# A practical question about non-response bias

At Berkeley student evaluations of courses and instructors are still done on paper forms; we’re supposed to do them in class on a day when attendance is good. This is why I’m not doing them today – it’s Friday, and beautiful weather, and both of those always lower attendance. Although in practice, I tend to do the evaluations on a day when having a slightly shortened class makes sense, as opposed to introducing new ideas at the end of a normal-length class.

But let’s say an instructor is only interested in having the average of their evaluations be as large as possible. Wouldn’t it make sense to do the evaluations on a day when attendance is comparatively low? On a day with high attendance you’re likely to have the marginally interested students there, who would give lower evaluations. I would assume that the students who come every day like the class more.

(This is actually testable, if you could get everyone to fill out the evaluation. You could ask students “how often did you come to class?” and compare their self-reported attendance with their evaluations of the class.)

# Cross Validated thread on intro Bayesian statistics

From Cross Validated (stats.stackexchange.com, a web site which I think deserves to be better known): What is the best introductory Bayesian statistics textbook?

Some of the recommendations from this thread that I’ve seen before:

# Error propagation for Atwood’s machine, by simulation

A few weeks ago I mentioned that the propagation of errors is a bit tricky. Say we want to predict the acceleration in an Atwood machine. The machine consists of a string extended over a pulley with masses at either end, of masses M and m, with M > m. The acceleration is given by $a = g{M-m \over M+m}$

where g is the acceleration due to gravity, which we assume is known exactly. Let’s set g = 1, so we’ll have $a = {M-m \over M+m}.$

We previously found by analytic methods that if $M = 100 \pm 1$ and $m = 50 \pm 1$, then $a = (1/3) \pm 0.01$. But it’s instructive to do a simulation.

Specifically, fix some large $n$. For $i = 1, 2, \ldots, n$, let $M_i$ be normally distributed with mean 100 and standard deviation 1; let $m_i$ be normally distributed with mean 50 and standard deviation 1; and let $a_i = (M_i-m_i)/(M_i+m_i)$. Then the mean and standard deviation of the $a_i$ are estimates of the expected acceleration and its error.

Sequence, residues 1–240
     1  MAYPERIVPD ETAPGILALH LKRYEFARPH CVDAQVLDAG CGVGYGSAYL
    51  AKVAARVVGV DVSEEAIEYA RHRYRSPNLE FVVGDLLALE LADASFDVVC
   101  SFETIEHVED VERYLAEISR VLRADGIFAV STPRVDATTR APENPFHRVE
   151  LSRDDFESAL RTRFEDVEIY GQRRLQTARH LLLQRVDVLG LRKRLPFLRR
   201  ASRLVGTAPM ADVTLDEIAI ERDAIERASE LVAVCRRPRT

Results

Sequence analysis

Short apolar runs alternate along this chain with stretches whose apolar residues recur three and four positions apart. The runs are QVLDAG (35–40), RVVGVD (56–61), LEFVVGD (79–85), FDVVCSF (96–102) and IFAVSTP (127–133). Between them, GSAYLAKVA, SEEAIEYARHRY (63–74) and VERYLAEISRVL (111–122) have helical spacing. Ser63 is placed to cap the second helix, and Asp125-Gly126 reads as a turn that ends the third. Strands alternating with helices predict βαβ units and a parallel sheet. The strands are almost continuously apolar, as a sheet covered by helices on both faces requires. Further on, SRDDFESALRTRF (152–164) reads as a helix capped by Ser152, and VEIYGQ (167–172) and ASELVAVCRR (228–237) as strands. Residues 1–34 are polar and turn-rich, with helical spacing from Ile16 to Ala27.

This is very easy in R:

 n = 10^4; M = rnorm(n, 100, 1); m = rnorm(n, 50, 1); a = (M-m)/(M+m); 

When I ran this code I got mean(a) = 0.3333875, sd(a) = 0.00993982. Furthermore, the computed values of a are roughly normally distributed, as shown by this histogram and Q-Q plot. (The line on the Q-Q plot passes through the point (0, mean(a)) and has slope sd(a).)  This works even if the errors are not normally distributed. For example, we can draw the simulated data from a uniform distribution with the given mean and standard deviation:

 Mu = runif(n, 100-sqrt(3), 100+sqrt(3)) mu = runif(n, 50-sqrt(3), 50+sqrt(3)) au = (Mu-mu)/(Mu+mu) 

I got mean(au) = 0.3332557 and sd(au) = 0.009936519. The distribution of the simulated results is a bit unusual-looking: There’s also a way to compute an approximation to the error of the result using calculus, but simulation is cheap.

# Interactive population density map

World population density visualizer, by Derek Watkins, via Metafilter and gizmodo. The original idea goes back to William Bunge‘s “Continents and Islands of Mankind”, redrawn at Making Maps. There we have a map of the areas where population density is greater than 30 per square kilometer, roughly “where people live”; Watkins adds a slider so you can change that number “30” to anything from 5 to 500.  Here’s a static map of the same data.

You should in theory be able to determine the population of the world from something like this, but the slider only goes up to 500, so you can’t tell how many people live at densities greater than 500 per square kilometer; these are “urban” densities (roughly) and so that’s a lot of people. Robert Talbert mentioned something similar on Twitter a few days ago: can you estimate the population of Colorado from a population density map? Not really, since the population of Colorado is very concentrated.